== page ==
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BRAIN (A.S. braegen)

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Originally appearing in Volume V04, Page 401 of the 1911 Encyclopedia Britannica.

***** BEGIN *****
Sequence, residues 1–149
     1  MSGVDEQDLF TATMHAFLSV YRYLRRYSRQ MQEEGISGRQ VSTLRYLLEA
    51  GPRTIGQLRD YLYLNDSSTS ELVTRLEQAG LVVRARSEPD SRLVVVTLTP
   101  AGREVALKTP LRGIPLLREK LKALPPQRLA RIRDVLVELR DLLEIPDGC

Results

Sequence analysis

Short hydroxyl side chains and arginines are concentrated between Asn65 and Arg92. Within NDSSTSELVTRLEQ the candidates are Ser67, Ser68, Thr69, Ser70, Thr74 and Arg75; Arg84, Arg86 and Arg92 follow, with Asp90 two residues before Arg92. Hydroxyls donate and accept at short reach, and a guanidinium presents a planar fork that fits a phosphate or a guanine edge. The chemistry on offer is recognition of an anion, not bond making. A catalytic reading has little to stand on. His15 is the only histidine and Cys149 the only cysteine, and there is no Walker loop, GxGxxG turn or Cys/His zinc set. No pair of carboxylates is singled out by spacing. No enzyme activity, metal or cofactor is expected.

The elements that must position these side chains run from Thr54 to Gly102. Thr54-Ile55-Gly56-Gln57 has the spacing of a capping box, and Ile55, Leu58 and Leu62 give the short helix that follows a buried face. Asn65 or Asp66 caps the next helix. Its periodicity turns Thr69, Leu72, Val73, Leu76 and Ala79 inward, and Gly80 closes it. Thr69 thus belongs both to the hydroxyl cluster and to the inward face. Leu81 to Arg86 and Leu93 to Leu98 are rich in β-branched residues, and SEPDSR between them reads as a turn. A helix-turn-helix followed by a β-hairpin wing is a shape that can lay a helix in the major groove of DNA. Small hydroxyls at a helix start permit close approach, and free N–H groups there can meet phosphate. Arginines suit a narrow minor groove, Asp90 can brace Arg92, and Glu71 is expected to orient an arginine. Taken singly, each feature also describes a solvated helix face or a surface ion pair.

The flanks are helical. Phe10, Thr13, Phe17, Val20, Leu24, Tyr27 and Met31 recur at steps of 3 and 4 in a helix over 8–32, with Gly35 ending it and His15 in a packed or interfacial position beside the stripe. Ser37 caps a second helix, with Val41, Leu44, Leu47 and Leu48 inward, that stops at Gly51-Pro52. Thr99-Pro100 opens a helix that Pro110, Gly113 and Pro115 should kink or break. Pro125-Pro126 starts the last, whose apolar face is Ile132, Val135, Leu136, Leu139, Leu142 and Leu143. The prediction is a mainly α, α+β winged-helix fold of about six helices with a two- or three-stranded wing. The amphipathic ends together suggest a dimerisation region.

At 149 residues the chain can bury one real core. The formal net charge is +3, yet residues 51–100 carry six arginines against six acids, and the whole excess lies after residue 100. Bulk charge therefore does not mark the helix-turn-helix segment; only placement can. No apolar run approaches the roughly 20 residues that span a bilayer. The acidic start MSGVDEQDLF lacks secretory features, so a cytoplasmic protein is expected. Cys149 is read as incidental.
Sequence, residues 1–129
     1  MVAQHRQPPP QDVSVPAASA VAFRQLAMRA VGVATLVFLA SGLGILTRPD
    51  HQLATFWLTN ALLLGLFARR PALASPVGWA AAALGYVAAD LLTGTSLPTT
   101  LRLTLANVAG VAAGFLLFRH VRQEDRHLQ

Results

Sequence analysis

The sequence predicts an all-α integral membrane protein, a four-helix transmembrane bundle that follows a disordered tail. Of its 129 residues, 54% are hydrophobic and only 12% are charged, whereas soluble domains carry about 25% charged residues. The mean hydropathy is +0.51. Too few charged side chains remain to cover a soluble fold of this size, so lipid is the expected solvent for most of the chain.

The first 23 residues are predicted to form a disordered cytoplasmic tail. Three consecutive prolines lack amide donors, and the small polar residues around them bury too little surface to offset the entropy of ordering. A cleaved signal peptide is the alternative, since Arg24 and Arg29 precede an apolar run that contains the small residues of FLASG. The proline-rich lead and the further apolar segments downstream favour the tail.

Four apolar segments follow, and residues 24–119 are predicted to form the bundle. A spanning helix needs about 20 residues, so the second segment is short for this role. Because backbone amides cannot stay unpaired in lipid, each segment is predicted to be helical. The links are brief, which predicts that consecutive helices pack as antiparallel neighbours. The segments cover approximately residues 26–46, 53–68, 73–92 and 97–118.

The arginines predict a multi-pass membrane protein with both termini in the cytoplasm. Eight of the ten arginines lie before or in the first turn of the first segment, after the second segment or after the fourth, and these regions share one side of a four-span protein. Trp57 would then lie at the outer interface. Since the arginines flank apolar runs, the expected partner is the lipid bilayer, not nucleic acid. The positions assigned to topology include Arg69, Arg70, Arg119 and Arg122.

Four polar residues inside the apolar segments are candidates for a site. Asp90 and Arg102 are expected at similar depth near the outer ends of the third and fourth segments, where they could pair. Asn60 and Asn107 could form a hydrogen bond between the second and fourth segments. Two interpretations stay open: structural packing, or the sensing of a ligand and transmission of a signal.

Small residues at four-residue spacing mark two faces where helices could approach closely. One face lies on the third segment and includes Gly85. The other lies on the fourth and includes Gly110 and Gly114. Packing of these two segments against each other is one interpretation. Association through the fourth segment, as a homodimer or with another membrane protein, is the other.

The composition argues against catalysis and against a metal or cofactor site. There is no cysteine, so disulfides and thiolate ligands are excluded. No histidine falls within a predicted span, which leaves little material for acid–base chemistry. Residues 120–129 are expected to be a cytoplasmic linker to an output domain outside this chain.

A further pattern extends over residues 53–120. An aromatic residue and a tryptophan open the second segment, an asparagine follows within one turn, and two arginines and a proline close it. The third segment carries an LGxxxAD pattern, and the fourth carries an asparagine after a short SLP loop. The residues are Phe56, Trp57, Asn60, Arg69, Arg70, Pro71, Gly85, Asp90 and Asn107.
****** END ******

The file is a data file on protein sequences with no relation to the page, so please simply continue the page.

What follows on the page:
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BRAIN (A.S. braegen) , that part of the central nervous system which in vertebrate animals is contained within the cranium or skull; it is divided into the great brain or cerebrum, the hind brain or cerebellum, and the medulla oblongata, which is the transitional part between the spinal cord and the other, 392 two parts already named. Except where stated, we deal here primarily with the brain in man. 1. ANATOMY Membranes of the Human Brain. Three membranes named the dura mater, arachnoid and pia mater cover the brain and lie between it and the cranial cavity. The most external of the three is the dura mater, which consists of a cranial and a spinal portion. The cranial part is in contact with the inner table i. Falx cerebri. 9 and io. Superior and inferior 2. Tentorium. petrosal sinus. 3,3. Superior longitudinal sinus. 11. Cavernous sinus. 4. Lateral sinus. 12. Circular sinus which connects 5. Internal jugular vein. the two cavernous sinuses 6. Occipital sinus. together. 6'. Torcular Herophili. 13. Ophthalmic vein, from 15, 7. Inferior longitudinal sinus. the eyeball. 8. Veins of Galen. 14. Crista galli of ethmoid bone. of the skull, and is adherent along the lines of the sutures and to the margins of the foramina, which transmit the nerves, more especially to the foramen magnum. If forms, therefore, for these bones an internal periosteum, and the meningeal arteries which ramify in it are the nutrient arteries of the inner table. As the growth of bone is more active in infancy and youth than in the adult, the adhesion between the dura mater and the cranial bones is greater in early life than at maturity. From the inner surface of the dura mater strong bands pass into the cranial cavity, and form partitions between certain of the subdivisions of the brain. A vertical longitudinal mesial band, named, from its sickle shape, falx cerebri, dips between the two hemispheres of the cerebrum. A smaller sickle-shaped vertical mesial band, the falx cerebelli, attached to the internal occipital crest, passes between the two hemispheres of the cerebellum. A large band arches forward in the horizontal plane of the cavity, from the transverse groove in the occipital bone to the clinoid processes of the sphenoid, and is attached laterally to the upper border of the petrous part of each temporal bone. It separates the cerebrum from the cerebellum, and, as it forms a tent-like covering for the latter, is named tentorium cerebelli. Along certain lines the cranial dura mater splits into two layers to form tubular passages for the transmission of venous blood. These passages are named the venous blood sinuses of the dura mater, and they are lodged in the grooves on the inner surface of the skull referred to in the description of the cranial bones. Opening into these sinuses are numerous veins which convey from the brain the blood that has been circulating through it; and two of these sinuses, called cavernous, which lie at the sides of the body of the sphenoid bone, receive the ophthalmic veins from the eyeballs situated in the orbital cavities. These blood sinuses pass usually from before backwards: a superior longitudinal along the upper border of the falx cerebri as far as the internal occipital protuberance; an inferior longitudinal along its lower border as far as the tentorium, where it joins the straight sinus, which passes back as far as the same protuberance. One or two small occipital sinuses, which lie in the falx cerebelli, also pass to join the straight and longitudinal sinuses opposite this protuberance; several currents of blood meet, therefore, at this spot, and as Herophilus supposed that a sort of whirlpool was formed in the blood, the name torcular Herophili has been used to express the meeting of these sinuses. From the torcular the blood is drained away by two large sinuses, named lateral, which curve forward and downward to the jugular foramina to terminate in the internal jugular veins. In Its course each lateral sinus receives two petrosal sinuses, which pass from the cavernous sinus backwards along the upper and lower borders of the petrous part of the temporal bone, The dura mater [ANATOMY consists of a tough, fibrous membrane, somewhat flocculent externally, but smooth, glistening, and free on its inner surface. The inner surface has the appearance of a serous membrane, and when examined microscopically is seen to consist of a layer of squamous endothelial cells. Hence the dura mater is sometimes called a fibroserous membrane. The dura mater is well provided with lymph vessels, which in all probability open by stomata on the free inner surface. Between the dura mater and the subjacent arachnoid membrane is a fine space containing a minute quantity of limpid serum, which moistens the smooth inner surface of the dura and the corresponding smooth outer surface of the arachnoid. It is regarded as equivalene to the cavity of a serous membrane, and is named the sub-ducal space. Arachnoid Mater.—The arachnoid is a membrane of great delicacy and transparency, which loosely envelops both the brain and spinal cord. It is separated from these organs by the pia mater; but between it and the latter membrane is a distinct space, called subarachnoid. The sub-arachnoid space is more distinctly marked beneath the spinal than beneath the cerebral parts of the membrane, which forms a looser investment for the cord than for the brain. At the base of the brain, and opposite the fissures between the convolutions of the cerebrum, the interval between the arachnoid and the pia mater can, however, always be seen, for the arachnoid does not, like the pia mater, clothe the sides of the fissures, but passes directly across between the summits of adjacent convolutions. The subarachnoid space is subdivided into numerous freely-communicating loculi by bundles of delicate areolar tissue, which bundles are in-vested, as Key and Retzius have shown, by a layer of squamous endothelium. The space contains a limpid cerebro-spinal fluid, which varies in quantity from 2 drachms to 2 oz., and is most plentiful in the dilatations at the base of the brain known as cisternae. It should be clearly understood that there is no communication between the subdural and sub-arachnoid spaces, but that the latter communicates with the ventricles through openings in the roof of the fourth, and in the descending cornua of the lateral ventricles. When the skull cap is removed, clusters of granular bodies are usually to be seen imbedded in the dura mater on each side of the superior longitudinal sinus; these are named the Pacchionian bodies. When traced through the dura mater they are found to spring from the arachnoid. The observations of Luschka and Cleland have proved that villous processes invariably grow from the free surface of that membrane, and that when these villi greatly increase in size they form the bodies in question. Sometimes the Pacchionian bodies greatly hypertrophy, occasioning absorption of the bones of the cranial vault and depressions on the upper surface of the brain. Pia Mater.—This membrane closely invests the whole outer surface of the brain. It dips into the fissures between the convolutions, and After D. J. Cunningham's Text-book of Anatomy. a wide prolongation, named velum inter positum, lies in the interior of the cerebrum. With a little care it can be stripped off the brain without causing injury to its substance. At the base of the brain the pia mater is prolonged on to the roots of the cranial nerves. This membrane consists of a delicate connective tissue, in which the arteries of the brain and spinal cord ramify and subdivide into small branches before they penetrate the nervous substance, and in which the veins conveying the blood from the nerve centres lie before they open into the blood sinuses of the cranial dura mater and the extradural venus plexus of the spinal canal. Optic chiasma-Optic tract Corpus geniculatum i externum Corpus geniculatum internum Locus perforatus posticus Restiform body Olive Pyramid Anterior superficial arcuate fibres Decussation of pyramids Optic nerve Infundibulum Tuber cinereum Corpora mammillaria Oculo-rnotor nerve (III.) Trochlear nerve(IV.) winding round the crus cerebri Ttigeminal nerve (V.) Abducent nerve (VI.) Facial nerve (VII.) Auditory nerve (VIII.) V a go-gl osso ph aryngea l nerve (IX. and X.) Hypoglossal (nerve XII.) most anterior is the pyramid or motor tract, the decussation of which has been seen. Behind this is the mesial fillet or sensory tract, The Medulla Oblongata rests upon the basi-occipital. It is somewhat which has also decussated a little below the point of section, while pyramidal in form, about I4 in. long, and I in. broad in its widest farther back still is the posterior longitudinal bundle which is coming part. It is a bilateral organ, and is divided into a right and a left half by shallow anterior and posterior median fissures, continuous with the corresponding fissures in the spinal cord; the posterior fissure ends above in the fourth ventricle. Each half is subdivided into elongated tracts of nervous matter. Next to, and parallel with the anterior fissure is the anterior pyramid (see fig. 2). This pyramid is continuous below with the cord, and the place of continuity is marked by the passage across Fasciculus solitarius the fissure of three or four bundles of nerve fibres, Spinal root of trigeminal nerve from each half of the cord to the opposite anterior pyramid; this crossing is called the decussation of the pyramids. To the side of the pyramid, and separated posterior from it by a faint fissure, is the olivary fasciculus, Deep arcuate fibres laetudmal which at its upper end is elevated into the projecting fasciculus oval-shaped olivary body. Behind the olivary body in the lower half of the medulla are three tracts named from before backward the funiculus of Rolandp, the funiculus cuneatus and the funiculus Anterior superficial gracilis (see fig. 3). The two funiculi graciles of opposite sides are in contact in the mid dorsal line and have between them the postero median fissure. When the fourth ventricle is reached they diverge to form the lower limit of that diamond-shaped space and are slightly swollen to form the clavae. All these three bundles appear to be continued up into the cerebellum as the restiform bodies or inferior cerebellar peduncles, but really the continuity is very slight, as the restiform bodies are formed from the direct cerebellar tracts of the spinal cord joining with the superficial arcuate fibres which curve back just below the olivary bodies. The upper part of the fourth ventricle is bounded by the superior cerebellar From Cunningham, Text book of Anatomy. peduncles which meet just before the inferior quadri- FIG. 4,-Transverse Section through the Human geminal bodies are reached. Stretching across between Lower Olivary Region. them is the superior medullary velum or valve of Vieussens, forming the upper part of the roof, while the inferior velum forms the lower part, and has an opening called the foramen of Majendie, through which the sub-arachnoid space communicates with the ventricle. The floor (see fig. 3) has two triangular depressions on each side of a median furrow; these are the superior and inferior fovea, the significance of which will be noticed in the development of the rhombencephalon. Running horizontally across the middle of the floor are the striae acusticae which are continued into the auditory nerve. The floor of the fourth ventricle is of special Medulla Oblongata. Superior quadrigeminal body Inferior quadrigeminal body Crus cerebri Pontine part of floor of ventricle IV. Eminentia Ceres Fovea superior Restiform body Trigonum hypoglossi Clava Rolandic tubercle Funiculus cuneatus From Cunningham, Text-book of Anatomy. interest because a little way from the surface are the deep origins of all the cranial nerves from the fifth to the twelfth. (See NERVE: cranial). If a section is made transversely through the medulla about the apex of the fourth ventricle three important bundles of fibres are cut close to the mid line on each side (see fig. 4). The up from the anterior basis bundle of the cord. External to and behind the pyramid is the crenated section of the olivary nucleus, the surface bulging of which forms the olivary body. The grey matter of the medulla oblongata, which contains numerous multipolar nerve cells, is in part continuous with the grey matter of the spinal cord, and in part consists of independent masses. As the grey matter of the cord enters the medulla it loses its crescentic arrangement. The posterior cornua are thrown outwards towards the surface, lose their pointed form, and dilate into rounded masses named the grey tubercles of Rolando. The grey matter of the anterior cornua is cut off from the rest by the decussating pyramids and finally disappears. The formatio reticularis which is feebly developed in the cord becomes well developed in the medulla. In the lower part of the medulla a central canal continuous with that of the cord exists, but when the clavae on the opposite sides of the medulla diverge from each other, the central canal loses its posterior boundary, and dilates into the cavity of the fourth ventricle. The grey matter in the interior of the medulla appears, therefore, on the floor of the ventricle and is continuous with the grey matter near the central canal of the cord. This grey matter forms collections of nerve cells, which are the centres of origin of several cranial nerves. Crossing the anterior surface of the medulla oblongata, immediately below the pons, in the majority of mammals is a trans-verse arrangement of fibres forming the trapezium, which contains a grey nucleus, named by van der Kolk the superior olive. In the human brain the trapezium is concealed by the lower transverse fibres of the pons, but when sections are made through it, as L. Clarke pointed out, the grey matter of the superior olive can be seen. These fibres of the trapezium come from the cochlear nucleus of the auditory nerve, and run up as the lateral fillet. The Pons Varolii or BRIDGE is cuboidal in form (see fig. 2): its anterior surface rests upon the dorsum sellae of the sphenoid, and is marked by a median longitudinal groove; its inferior surface receives the pyramidal and olivary tracts of the medulla oblongata; at its superior surface are the two crura cerebri; each lateral surface is in relation to a hemisphere of the cerebellum, and a peduncle passes from the pons into the interior of each hemisphere; the posterior surface forms in part the upper portion of the floor of the fourth ventricle, and in part is in contact with the corpora quadrigemina. The pons consists of white and grey matter: the nerve fibres of the white matter pass through the substance of the pons, in either a transverse or a longitudinal direction. The transverse fibres go from one hemisphere of the cerebellum to that of the opposite side; some are situated on the anterior surface of the pons, and form its superficial transverse fibres, whilst others pass through its substance and form the deep transverse fibres. The longitudinal fibres ascend from the medulla oblongata and leave the pons by emerging from its upper surface as fibres of the two crura cerebri. The pons possesses a median raphe continuous with that of the medulla oblongata, and formed like it by a decussation of fibres in the mesial plane. Superior peduncle of the cerebellum Middle peduncle of the cerebellum Striae acusticae Area acusticae Trigonum vagi Taenia thalami Pineal body Mesial accessory olivary nucleus Medulla in the In a horizontal section through the pons and upper part of the fourth ventricle the superficial transverse fibres are seen most anteriorly; then come the anterior pyramidal fibres, then the deep transverse pontine fibres, then the fillet, while most posteriorly and close to the floor of the fourth ventricle the posterior longitudinal bundle is seen (see fig. 5). The grey matter of the pons is scattered irregularly through its substance, and appears on its posterior surface; but not on the anterior surface, composed exclusively of the superficial transverse fibres. The Cerebellum.lobes, of which the most important are the amygdala or tonsil, which forms the lateral boundary of the anterior part of the vallecula, and the flocculus, which is situated immediately behind the middle peduncle of the cerebellum. The inferior vermiform process is subdivided into a posterior part or pyramid ; an elevation or uvula, situated between the two tonsils; and an anterior pointed process or nodule. Stretching between the two flocculi, and attached midway to the sides of the nodule, is a thin, white, semilunarshaped plate of nervous matter, called the inferior medullary velum. The whole outer surface of the cere- bellum possesses a characteristic foliated or laminated appearance, due to its sub- division into multitudes of thin plates or lamellae by numerous fissures. The cerebellum consists of both grey and white matter. The grey matter forms the exterior or cortex of the lamellae, and passes from one to the other across the bottoms of the several fissures. The white matter lies in the interior of the organ, and extends into the core of each lamella. When a vertical section is made through the organ, the prolongations of white matter branching off into the in- terior of the several lamellae give to the section an arborescent appearance, known by the fanciful name of. arbor vitae (see fig. 6). Independent masses of grey matter are, however, found in the in- terior of the cerebellum. If the hemi- sphere be cut through a little to the outer side of the median lobe, a zigzag arrange- ment of grey matter, similar in appear- ance and structure to the nucleus of the olivary body in the medulla oblongata, and known as the corpus dentatum of the cerebellum, is seen; it lies in the midst of the white core of the hemisphere, and encloses white fibres, which leave the interior of the corpus at its inner and lower side. On the mesial side of this corpus dentatum lie three smaller nuclei. The white matter is more abundant in the hemispheres than in the median lobe, and is for the most part directly continuous with the fibres of the pe- duncles of the cerebellum. Thus the restiform or inferior peduncles pass from below upward through the white core, to end in the grey matter of the tentorial surface of the cerebellum, more especially in that of the central lobe; on their way they are connected with the Middle peduncle of cerebellum From Cunningham, Text-book of Anatomy. The Cerebellum, LITTLE BRAIN, Or AFTER BRAIN occupies the inferior pair of occipital fossae, and lies below the plane of the tentorium cerebelli. It consists of two hemispheres or lateral lobes, and of a median or central lobe, which in human anatomy is called the vermis. It is connected below with the medulla oblongata by the two callosum restiform bodies which form its inferior peduncles, and above with the corpora quadrigemina of the cerebrum by two bands, which form its superior peduncles; whilst the two hemispheres are connected together by the trans-verse fibres of the pons, which form the middle peduncles of the cerebellum. On the superior or tentorial surface of the cerebellum the median or vermiform lobe is a mere elevation, but on its inferior or occipital surface this lobe forms a well-defined process, which lies at the bottom of a deep fossa or vallecula; this fossa is prolonged to the posterior border of the cerebellum, From Cunningham, Text-book of Anatomy. and forms there a deep notch which separates the two hemispheres from FIG. 6.-Mesial Section through the Corpus Callosum, the Mesencephalon, the Pons, Medulla and each other; in this notch the falx Cerebellum. Showing the third and fourth ventricles joined by the aqueduct of Sylvius. cerebelli is lodged. Extending hori- zontally backwards from the middle cerebellar peduncle, along the grey matter of the corpus dentatum. The superior peduncles, which outer border of each hemisphere is the great horizontal fissure, which descend from the corpora quadrigemina of the cerebrum, form divides the hemisphere into its tentorial and occipital surfaces. connexions mainly with the corpus dentatum. The middle peduncles Each of these surfaces is again subdivided by fissures into smaller form a large proportion of the white core, and their fibres terminate Forni; Foramen of Monro Septum lucidum Anterior commissure Corpus mammillare Lamina cinerea Optic nerve Pituitary body Tuber cinereum Third nerve 1 d Uvula Pons , ~ i l Central lobule Valve of Vieussens , I Nodule Ventricle IV. I bfedulla Choroid plexus in ventricle IV. in the grey matter of the foliated cortex of the hemispheres. It has been noticed that those fibres which are lowest in the pons go to the upper surface of the cerebellum and vice versa. Histology of the Cerebellum.—The white centre of the cerebellum is composed of numbers of medullated nerve fibres coursing to and from the grey matter of the cortex. These fibres are supported in a groundwork of neuroglial tissue, their nutrition being supplied by a small number of blood vessels. The cortex (see fig. 7) consists of a thin layer of grey material forming an outer coat of somewhat varying thickness over the whole external surface of the laminae of the organ. When examined microscopically it is found to be made up of two layers, an outer " molecular " and an inner " granular " layer. Forming a layer lying at the junction of these two are a number of cells, the cells of Purkinje, which constitute the most characteristic feature of the cerebellum. The bodies of these cells are pear-shaped. Their inner ends taper and finally end-in a nerve fibre which may be traced into the white centre. In their course through the granule layer they give off a number of branching collaterals, some turning back and passing between the cells of Purkinje into the molecular layer. Their inner ends terminate in one or sometimes two stout processes which repeatedly branch dichotomously, thus forming a very elaborate dendron in the molecular layer. The branchings of this dendron From Cunningham, Text-book of Anatomy. Kolliker). Treated by the Golgi method. P. Axon of cell of Purkinje. GRI. Axons of granule cells in F. Moss fibres. molecular layer cut K and K'. Fibres from white core transversely. of folium ending in molecular M'. Basket-cells. layer in connexion with the ZK. Basket-work around the dendrites of the cells of cells of Purkinje. Purkinje. GL. Neuroglial cell. M. Small cell of the molecular N. Axon of an association GR. Granule cell. [layer. cell. are also highly characteristic in that they are approximately restricted to a single plane like an espalier fruit tree, and those for neighbouring cells are all parallel to one another and at right angles to the general direction of the folium to which they belong. In the molecular layer are found two types of cells. The most abundant are the so-called basket cells which are distributed through the whole thickness of the layer. They have a rounded body giving off many branching dendrons to their immediate neighbourhood and one long neuraxon which runs parallel to the surface and to the long axis of the lamina. In its course, this gives off numerous collaterals which run downward to the bodies of Purkinje's cells. Their terminal branchings together with similar terminals of other collaterals form the basket-work around the bodies of these cells. The granular layer is sometimes termed the rust-coloured layer from its appearance to the naked eye. It contains two types of nerve cells, the small granule cells and the large granule cells. The former are the more numerous. They give off a number of short dendrites with claw-like endings, and a fine non-medullated neuraxon process. This runs upward to the cortex, where it divides into two branches in the form of a T. The branches run for some distance parallel to the axis of the folium and terminate in unbranched ends. The large granule cells are multipolar cells, many of the branchings penetrating well into the molecular layer. The neuraxon process turns into the opposite direction and forms a richly branching system through the entire thickness of the granular layer. There is also an abundant plexus of fine medullated fibres within the granule layer. The fibres of the white central matter are partly centrifugal, the neuraxons of the cells of Purkinje, and partly centripetal. The position of the cells of these latter fibres is not known. The fibres give rise to an abundant plexus of fibrils in the granular layer, and many reaching into the molecular layer ramify there, especially in the immediate neighbourhood of the dendrites of Purkinje's cells. From the appearance of their plexus of fibrils these are sometimes called moss fibres. The Fourth Ventricle is the'dilated upper end of the central canal of the medulla oblongata. Its shape is like an heraldic lozenge. Its floor is formed by the grey matter of the posterior surfaces of the medulla oblongata and pons, already described (see figs. 3 and 6) ; its roof partly by the inferior vermis of the cerebellum, the nodule of which projects into its cavity, and partly by a thin layer, called valve of Vieussens, or superior medullary velum; its lower lateral boundaries by the divergent clavae and restiform bodies; its upper lateral boundaries by the superior peduncles of the cerebellum. The inferior medullary velum, a reflection of the pia mater and epithelium from the back of the medulla to the inferior vermis, closes it in below. Above, it communicates with the aqueduct of Sylvius, which is tunnelled below the substance of the corpora quadrigemina. Along the centre of the floor is the median furrow, which terminates below in a pen-shaped form, the so-called calamus scriptorius. Situated on its floor are the fasciculi teretes, striae acusticae, and deposits of grey matter described in connexion with the medulla oblongata. Its epithelial lining is continuous with that of the central canal. The Cerebrum. The Cerebrum or GREAT BRAIN lies above the plane of the tentorium, and forms much the largest division of the encephalon. It is customary in human anatomy to include under the name of cerebrum, not only the convolutions, the corpora striata, and the optic thalami, developed in the anterior cerebral vesicle, but also the corpora quadrigemina and crura cerebri developed in the mesencephalon or middle cerebral vesicle. The cerebrum is ovoid in shape, and presents superiorly, anteriorly and posteriorly a deep median longitudinal fissure, which subdivides it into two hemispheres. Inferiorly there is a continuity of structure between the two hemispheres across the mesial plane, and if the two hemispheres be drawn asunder by opening out the longitudinal fissure, a broad white band, the corpus callosum, may be seen at the bottom of the fissure passing across the mesial plane from one hemisphere to the other. The outer surface of each hemisphere is convex, and adapted in shape to the concavity of the inner table of the cranial bones; its inner surface, which bounds the longitudinal fissure, is flat and is separated from the opposite hemisphere by the falx cerebri; its under surface, where it rests on the tentorium, is concave, and is separated by that membrane from the cerebellum and pons. From the front of the pons two strong white bands, the crura cerebri or cerebral peduncles, pass forward and upward (see fig. 2). Winding round the outer side of each crus is a flat white band, the optic tract. These tracts con-verge in front, and join to form the optic commissure, from which the two optic nerves arise. The crura cerebri, optic tracts, and optic commissure enclose a lozenge-shaped space, which includes—(a) a grey layer, which, from being perforated by several small arteries, is called locus perforatus posticus; (b) two white mammillae, the corpora albicantia; (c) a grey nodule, the tuber cinereum, from which (d) the infundibulum projects to join the pituitary body. Immediately in front of the optic commissure is a grey layer, the lamina cinerea of the third ventricle; and between the optic commissure and the inner end of each Sylvian fissure is a grey spot perforated by small arteries, the locus perforatus anticus. If a transverse section is made at right angles to the surface of the crura cerebri it will pass right through the mesencephalon and come out on the dorsal side through the corpora quadrigemina (see fig. 8). The ventral part of each crus forms the crusta, which is the continuation forward of the anterior pyramidal fibres of the medulla and pons, and is the great motor path from the brain to the cord. Dorsal to this is a layer of pigmented grey matter, called the substantia nigra, and dorsal to this again is the tegmentum, which is a continuation upward of the formatio reticularis of the medulla, and passing through it are seen three important nerve bundles. The superior cerebellar peduncle is the most internal of these and decussates with its fellow of the opposite side so that the two tegmenta are continuous across the middle line. More externally the mesial fillet is seen, while dorsal to the cerebellar peduncle is the posterior longitudinal bundle. If the section happens to pass through the superior corpus quadrigeminum a characteristic circular area appears between the cerebellar peduncle and the fillet, which, from its tint, is called the red nucleus. More dorsally still the section will pass through the Sylvian aqueduct or passage from the third to the fourth ventricle, and this is surrounded by a mass of grey matter in the ventral part of which are the nuclei of the third and fourth nerves. The third nerve is seen at the level of the superior corpus quadrigeminum running from its nucleus of origin, through the red nucleus, to a groove on the inner side of the crus called the oculomotor groove, which marks the separation between the crusta and tegmentum. Dorsal to the Sylvian aqueduct is a layer called the lamina quadrigemina and on this the corpora quadrigemina rest. The superior pair of these bodies is overlapped by the pineal body and forms part of the lower visual centres. Connexions can be traced to the optic tract, the higher visual centre on the mesial surface of the occipital lobe, the deep origin of the third or oculo-motor nerve as well as to the mesial and lateral fillet. The inferior pair of quadrigeminal bodies are more closely in touch with the organs of hearing, and are connected by the lateral fillet with the cochlear nucleus of the auditory nerve. Surface of the Brain. The peripheral part of each hemisphere, which consists of grey matter, exhibits a characteristic folded appearance, known as gyri (or convolutions) of the cerebrum. These gyri are separated from each other by fissures and sulci, some of which are considered to subdivide the hemisphere into lobes, whilst others separate the gyri in each lobe from each other. In each hemisphere of the human brain five lobes are recognized: the temporo-sphenoidal, frontal, parietal, occipital, and the central lobe or Island of Reil; it should, however, be realized that these lobes do not exactly correspond to the outlines of the bones after which they are named. Passing obliquely on the outer face of the hemisphere from before, upward and backward, is the well marked Sylvian fissure (fig. 9, s), which is the first to appear in the development of the hemisphere. Below it lies the temporo-sphenoidal lobe, and above and in front of it, the parietal and frontal lobes. As soon as it appears on the external surface of the brain the fissure divides into three limbs, anterior horizontal (si), ascending (s2), and posterior horizontal (s3), the latter being by far the longest. The place whence these diverge is the Sylvian point and corresponds to the pterion on the surface of the skull (see ANATOMY: Superficial and Artistic). Between these three limbs and the vallecula or main stem of the fissure are four triangular tongues or opercula; these are named, according to their position, orbital (fig. 9, C), frontal (pars triangularis) (B), fronto-parietal (pars Superior quadrigeminal basilaris) (A) and temporal. The frontal lobe body is separated from the parietal by the fissure of Rolando (fig. 9, r) which extends on the outer face of the hemisphere from the Sylvian grey matter longitudinal fissure obliquely downward and forward towards the Sylvian fissure. About 2 in. from the hinder end of the hemisphere is the parieto-occipital fissure, which, commencing at the longitudinal fissure, passes down the inner surface of the hemisphere, and transversely outwards for Nucleus of third nerve a short distance on the outer surface of the hemisphere; it separates the parietal and occipital lobes from each other. The Temporo-Sphenoidal Lobe presents on the outer surface of the hemisphere three convolutions, arranged in parallel tiers from above downward, and named superior, middle and inferior temporal gyri. The fissure which separates the superior and Fibres of superior middle of these convolutions is called the parallel fissure (fig. 9, tf). The Occipital Lobe also consists from above downwards of three parallel gyri, named superior, middle and inferior occipital. The Frontal Lobe is more complex; immediately in front of the fissure of Rolando, and forming indeed its anterior boundary, is a convolution named ascending frontal or pre-central, which ascends obliquely backward and upward from the Sylvian to the longitudinal fissure. Springing from the front of this gyrus, and passing forward to the anterior end of the cerebrum, are three gyri, arranged in parallel tiers from above downwards, and named superior, middle and inferior frontal gyri, which are also prolonged on to the orbital face of the frontal lobe. The Parietal Lobe is also complex; its most anterior gyrus, named ascending parietal or post-central, ascends parallel to and immediately behind the fissure of Rolando. Springing from the upper end of the back of this gyrus is the supra-parietal lobule, which, forming the boundary of the longitudinal fissure, extends as far back as the parieto-occipital fissure; springing from the lower end of the back of this gyrus is the supra-marginal, which forms the From Cunningham, Text-book of Anatomy. superior Quadrigeminal Body. Po End of Article: BRAIN (A.S. braegen)